By Rowenna Hoskin | Science Editor
Scientists at Cardiff University claim to have found the ‘missing link’ in the process that leads to an ice age forming on Earth; the team’s findings have been published in Nature.
The ice age process has been shrouded in mystery, the mechanics of how small variations in solar energy can trigger such dramatic shifts in the Earth’s climate.
Scientists say that the key to the mystery is melting icebergs in the Antarctic: the liquefaction of icebergs triggers a series of chain reactions that plunge Earth into a long period of cold temperatures.
Scientists have known for a long time that ice ages are affected by periodic changes in the orbit of Earth around the sun, which in turn alters the amount of solar radiation that reaches the Earth’s surface.
In their study, the team proposed that given the specific conditions of Earth’s orbit, Antarctic icebergs melt further and further away from Antarctica, causing a shift of high volumes of freshwater away from the Southern Ocean and into the Atlantic Ocean.
This shift of freshwater means that the Southern Ocean gets saltier and the North Atlantic gets fresher; thus the overall ocean circulation patterns begin to dramatically change. In this way CO2 is extracted from the atmosphere and the greenhouse effect is subsequently reduced.
As the planet no longer has the added gas to trap the sun’s solar energy, the planet does not heat up; instead, Earth is pushed into ice age conditions.
In their study, scientists used multiple techniques to reconstruct past climate conditions, which included identifying minuscule fragments of Antarctic rock dropped in the open ocean by melting icebergs.
These fragments, known as Ice-Rafted Debris, were obtained from sediments recovered by the International Ocean Discovery Program (IODP) Expedition 361. They represent over 1.6 million years of history and one of the longest detailed archives of Antarctic icebergs.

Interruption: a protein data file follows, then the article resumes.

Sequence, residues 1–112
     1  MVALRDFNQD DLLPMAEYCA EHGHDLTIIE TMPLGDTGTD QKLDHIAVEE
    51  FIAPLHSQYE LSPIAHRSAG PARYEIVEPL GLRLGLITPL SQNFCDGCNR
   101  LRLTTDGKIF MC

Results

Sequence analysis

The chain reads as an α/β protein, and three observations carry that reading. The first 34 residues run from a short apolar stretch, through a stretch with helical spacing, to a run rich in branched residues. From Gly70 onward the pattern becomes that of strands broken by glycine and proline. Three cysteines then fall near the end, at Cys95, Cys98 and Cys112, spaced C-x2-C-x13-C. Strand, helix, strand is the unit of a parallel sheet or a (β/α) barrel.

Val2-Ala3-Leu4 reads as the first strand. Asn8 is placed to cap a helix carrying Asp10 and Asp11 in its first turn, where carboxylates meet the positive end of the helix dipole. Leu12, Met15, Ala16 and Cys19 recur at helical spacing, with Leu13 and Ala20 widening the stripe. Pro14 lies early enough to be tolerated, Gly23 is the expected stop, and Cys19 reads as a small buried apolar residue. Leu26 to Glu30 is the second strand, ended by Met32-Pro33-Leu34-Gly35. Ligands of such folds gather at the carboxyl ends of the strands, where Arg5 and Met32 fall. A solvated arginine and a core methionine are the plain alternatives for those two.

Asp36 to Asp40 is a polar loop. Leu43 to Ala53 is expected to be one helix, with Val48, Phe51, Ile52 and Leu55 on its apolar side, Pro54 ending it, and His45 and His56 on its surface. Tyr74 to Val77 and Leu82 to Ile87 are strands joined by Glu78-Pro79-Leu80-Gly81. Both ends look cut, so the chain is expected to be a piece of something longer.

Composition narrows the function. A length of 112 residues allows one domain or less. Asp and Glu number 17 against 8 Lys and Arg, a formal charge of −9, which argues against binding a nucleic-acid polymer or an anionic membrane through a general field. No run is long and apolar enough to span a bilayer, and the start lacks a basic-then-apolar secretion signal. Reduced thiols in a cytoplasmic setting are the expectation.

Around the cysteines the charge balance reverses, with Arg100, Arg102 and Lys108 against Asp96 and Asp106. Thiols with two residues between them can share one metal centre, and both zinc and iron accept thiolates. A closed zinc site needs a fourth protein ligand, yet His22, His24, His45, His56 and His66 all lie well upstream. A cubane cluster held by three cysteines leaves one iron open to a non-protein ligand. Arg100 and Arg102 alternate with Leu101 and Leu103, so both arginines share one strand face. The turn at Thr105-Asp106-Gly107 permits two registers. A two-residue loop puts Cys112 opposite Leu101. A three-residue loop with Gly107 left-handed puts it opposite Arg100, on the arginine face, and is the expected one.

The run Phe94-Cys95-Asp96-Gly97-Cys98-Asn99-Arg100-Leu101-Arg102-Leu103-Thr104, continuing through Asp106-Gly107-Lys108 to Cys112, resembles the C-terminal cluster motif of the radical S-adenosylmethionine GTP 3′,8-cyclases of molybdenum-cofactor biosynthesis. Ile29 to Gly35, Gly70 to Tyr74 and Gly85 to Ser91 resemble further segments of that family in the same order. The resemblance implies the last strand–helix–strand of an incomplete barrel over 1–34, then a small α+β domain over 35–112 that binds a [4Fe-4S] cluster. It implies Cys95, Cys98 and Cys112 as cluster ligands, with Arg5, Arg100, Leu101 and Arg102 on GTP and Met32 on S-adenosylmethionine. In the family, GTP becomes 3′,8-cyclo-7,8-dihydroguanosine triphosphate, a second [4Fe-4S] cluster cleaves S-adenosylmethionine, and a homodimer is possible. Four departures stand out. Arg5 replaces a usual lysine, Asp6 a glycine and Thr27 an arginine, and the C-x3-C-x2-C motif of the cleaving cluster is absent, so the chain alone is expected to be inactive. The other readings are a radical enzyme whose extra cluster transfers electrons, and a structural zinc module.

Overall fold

Ice-Rafted Debris appeared to consistently lead to changes in ocean circulation, reconstructed from the chemistry of deep-sea fossils called foraminifera.
In addition to these fragments, the team used a new climate model simulation to run their hypothesis, discovering that huge volumes of freshwater could be moved by the icebergs.
The lead author of the study Aidan Starr, from Cardiff University’s School of Earth and Environmental Sciences, said: “We were astonished to find that this lead-lag relationship was present during the onset of every ice age for the last 1.6 million years.”
“Such a leading role for the Southern Ocean and Antarctica in global climate has been speculated but seeing it so clearly in geological evidence was very exciting.”
Professor Ian Hall, the study’s co-author and the co-chief scientist of the IODP Expedition, also from the School of Earth and Environmental Sciences, said: “Our results provide the missing link into how Antarctica and the Southern Ocean responded to the natural rhythms of the climate system associated with our orbit around the sun.”
Over the course of the last 3 million years, the planet has regularly been plunged into ice age conditions, but currently, it is situated within an interglacial period where the temperatures are warm.
Unfortunately, the increase in anthropogenic CO2 emissions have directly caused an increase in temperature which research suggests has disrupted the natural ice age cycle. The Southern Ocean is predicted to become too warm for Antarctic icebergs to travel far enough to trigger the necessary ocean circulation that is required for an ice age to develop.
Professor Hall believes that the results can be used to further our knowledge in how our climate will respond to anthropogenic climate change in the future.
“Likewise as we observe an increase in the mass loss from the Antarctic continent and iceberg activity in the Southern Ocean, resulting from warming associated with current human greenhouse-gas emissions, our study emphasises the importance of understanding iceberg trajectories and melt patterns in developing the most robust predictions of their future impact on ocean circulation and climate,” he said.
The Cardiff University-led study was funded by NERCScience and Technology Rowenna Hoskin